Market Watch

Exploring the crux of core inflation ahead of this week's data drop, with Chief Market Strategist Evan Lucas.

By ·
20 Apr 2018

As the Banking Royal Commission rolls on this week, expect more fallout in the financial sector. This week is also split down the middle because of the Anzac Day public holiday, therefore, trade volumes and patterns are likely to be irregular and inconsistent.

However, this week we will get one of the biggest macro-economic data releases for Australia – the quarterly Consumer Price Index (CPI) read.

The granular 

Here are the expectations for Q1 CPI figures (all consensus figures sourced from Bloomberg):

Headline CPI

March quarter consensus: 0.5 per cent quarter-on-quarter (qoq) and 2 per cent year-on-year (yoy). Previous readings, December quarter: 0.6 per cent qoq, and 1.9% yoy – both figures missed the December consensus.

The Reserve Bank of Australia’s (RBAs) trimmed mean

March quarter consensus: 0.5 per cent qoq and 1.8 per cent yoy. Previous quarter 0.4 per cent qoq, and 1.8 per cent yoy – again, both missed consensus.

The RBA’s weighted median

March quarter consensus: 0.5 per cent qoq and 1.9 per cent yoy. Previous quarter 0.4 per cent qoq, 2.0 per cent yoy – the quarterly figure missed consensus by 10 basis points (bps), while the yearly figure beat by 10bps.

What to watch for

Oil prices in the first quarter increased, as did food. This should feed into the headline figures. Fuel was a large driver of inflation in the December quarter. 

Housing is going to be key to the core figure, having been a major contributor to core inflation over the past three years. The slowdown in the Sydney and Melbourne housing markets is likely to have taken points out of the trimmed mean and weighted mean figures. The question then becomes whether rents pick up the slack left by housing – rents began to reaccelerate in the back half of 2017.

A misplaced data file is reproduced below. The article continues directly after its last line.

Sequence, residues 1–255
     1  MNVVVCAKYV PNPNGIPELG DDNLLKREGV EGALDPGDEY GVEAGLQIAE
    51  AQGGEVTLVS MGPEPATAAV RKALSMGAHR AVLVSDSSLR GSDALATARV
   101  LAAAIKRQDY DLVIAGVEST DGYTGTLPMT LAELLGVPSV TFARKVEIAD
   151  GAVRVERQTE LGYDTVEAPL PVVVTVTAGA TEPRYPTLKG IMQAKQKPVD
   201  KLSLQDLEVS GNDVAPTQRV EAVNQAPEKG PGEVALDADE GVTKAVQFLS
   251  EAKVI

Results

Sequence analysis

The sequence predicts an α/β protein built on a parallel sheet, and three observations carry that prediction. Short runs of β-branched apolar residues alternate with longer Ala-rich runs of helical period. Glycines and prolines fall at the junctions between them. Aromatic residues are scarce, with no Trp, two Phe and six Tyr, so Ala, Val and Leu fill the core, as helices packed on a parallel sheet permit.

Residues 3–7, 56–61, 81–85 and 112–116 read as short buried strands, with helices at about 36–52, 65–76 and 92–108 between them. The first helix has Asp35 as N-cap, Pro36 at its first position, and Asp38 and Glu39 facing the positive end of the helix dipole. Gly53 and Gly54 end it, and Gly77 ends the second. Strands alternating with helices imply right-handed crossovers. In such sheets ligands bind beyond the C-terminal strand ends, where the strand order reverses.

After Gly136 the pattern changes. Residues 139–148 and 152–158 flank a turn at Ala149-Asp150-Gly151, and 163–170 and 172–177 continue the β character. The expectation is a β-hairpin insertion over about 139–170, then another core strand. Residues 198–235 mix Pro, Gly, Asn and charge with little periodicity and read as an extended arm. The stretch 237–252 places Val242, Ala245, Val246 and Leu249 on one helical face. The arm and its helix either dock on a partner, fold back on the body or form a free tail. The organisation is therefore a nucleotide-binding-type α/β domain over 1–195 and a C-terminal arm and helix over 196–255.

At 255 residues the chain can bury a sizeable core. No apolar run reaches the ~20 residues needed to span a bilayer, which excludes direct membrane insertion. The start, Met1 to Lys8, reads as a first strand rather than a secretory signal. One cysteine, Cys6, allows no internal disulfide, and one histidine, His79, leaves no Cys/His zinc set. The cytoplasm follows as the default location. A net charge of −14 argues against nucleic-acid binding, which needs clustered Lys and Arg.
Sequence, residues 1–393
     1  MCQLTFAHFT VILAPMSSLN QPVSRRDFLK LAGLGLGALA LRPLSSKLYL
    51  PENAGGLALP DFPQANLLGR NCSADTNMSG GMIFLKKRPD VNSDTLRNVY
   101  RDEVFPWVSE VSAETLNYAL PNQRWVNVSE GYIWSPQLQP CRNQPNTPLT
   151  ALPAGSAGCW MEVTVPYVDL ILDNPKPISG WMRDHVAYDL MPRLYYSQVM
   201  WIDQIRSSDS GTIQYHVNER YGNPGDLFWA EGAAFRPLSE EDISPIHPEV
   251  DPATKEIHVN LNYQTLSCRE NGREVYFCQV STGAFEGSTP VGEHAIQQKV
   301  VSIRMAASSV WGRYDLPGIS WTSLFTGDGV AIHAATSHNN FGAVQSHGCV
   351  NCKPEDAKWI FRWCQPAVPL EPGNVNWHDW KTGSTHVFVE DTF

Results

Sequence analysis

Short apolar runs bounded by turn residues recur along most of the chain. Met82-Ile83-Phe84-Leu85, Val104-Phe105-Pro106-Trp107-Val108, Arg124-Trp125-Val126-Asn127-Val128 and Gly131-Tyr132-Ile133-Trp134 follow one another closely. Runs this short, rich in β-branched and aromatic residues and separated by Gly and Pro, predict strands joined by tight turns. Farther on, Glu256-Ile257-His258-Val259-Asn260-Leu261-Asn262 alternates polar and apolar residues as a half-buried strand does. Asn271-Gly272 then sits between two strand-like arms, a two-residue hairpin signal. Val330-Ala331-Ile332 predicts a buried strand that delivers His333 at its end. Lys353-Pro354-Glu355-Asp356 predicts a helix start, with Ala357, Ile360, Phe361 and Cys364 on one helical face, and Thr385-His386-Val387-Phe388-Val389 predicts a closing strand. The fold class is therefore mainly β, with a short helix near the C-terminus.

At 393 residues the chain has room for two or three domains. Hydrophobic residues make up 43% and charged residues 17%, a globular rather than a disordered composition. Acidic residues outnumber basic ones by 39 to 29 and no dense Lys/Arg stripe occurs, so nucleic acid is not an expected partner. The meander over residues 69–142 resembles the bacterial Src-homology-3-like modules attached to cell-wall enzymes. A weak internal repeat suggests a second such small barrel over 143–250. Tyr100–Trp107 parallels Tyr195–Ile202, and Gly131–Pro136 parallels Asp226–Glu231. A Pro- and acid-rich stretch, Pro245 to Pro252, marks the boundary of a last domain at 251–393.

‘Tradeables’ items such as clothing, furnishings and electronics may also see an increase over the quarter, considering the Australian dollar has declined steadily since January 1, which should naturally add pricing pressure. These items have been soft in the past two quarters. A caveat, the data covering disposable income has shown a steady incline across the first quarter of the year.

The RBA 

The RBA has been at pains to point out that inflation is beginning to materialise, however, this is mainly due to volatile components that make up the headline inflation read such as fuel, food and tobacco. Excluding volatile items the inflation trend is much more benign.

The blue band illustrates the RBA’s target range for core inflation.

All three metrics for core inflation haven’t crossed into the target band since the September quarter of 2015. What is more telling is the flat lining trend of the past three quarters in core inflation. Trimmed mean and weighted mean have remained steadfast at 1.8 per cent over this period, showing no signs of gapping up the remaining 20bps to hit the bottom-end of the band. Any sense of urgency the RBA is feeling to hike rates remains constrained by the fact its core mandate is not being met.

Further confirmation on Tuesday that CPI in Australia remains sub-trend is a further confirmation that rates are likely to remain on hold for 2018 and even into 2019.


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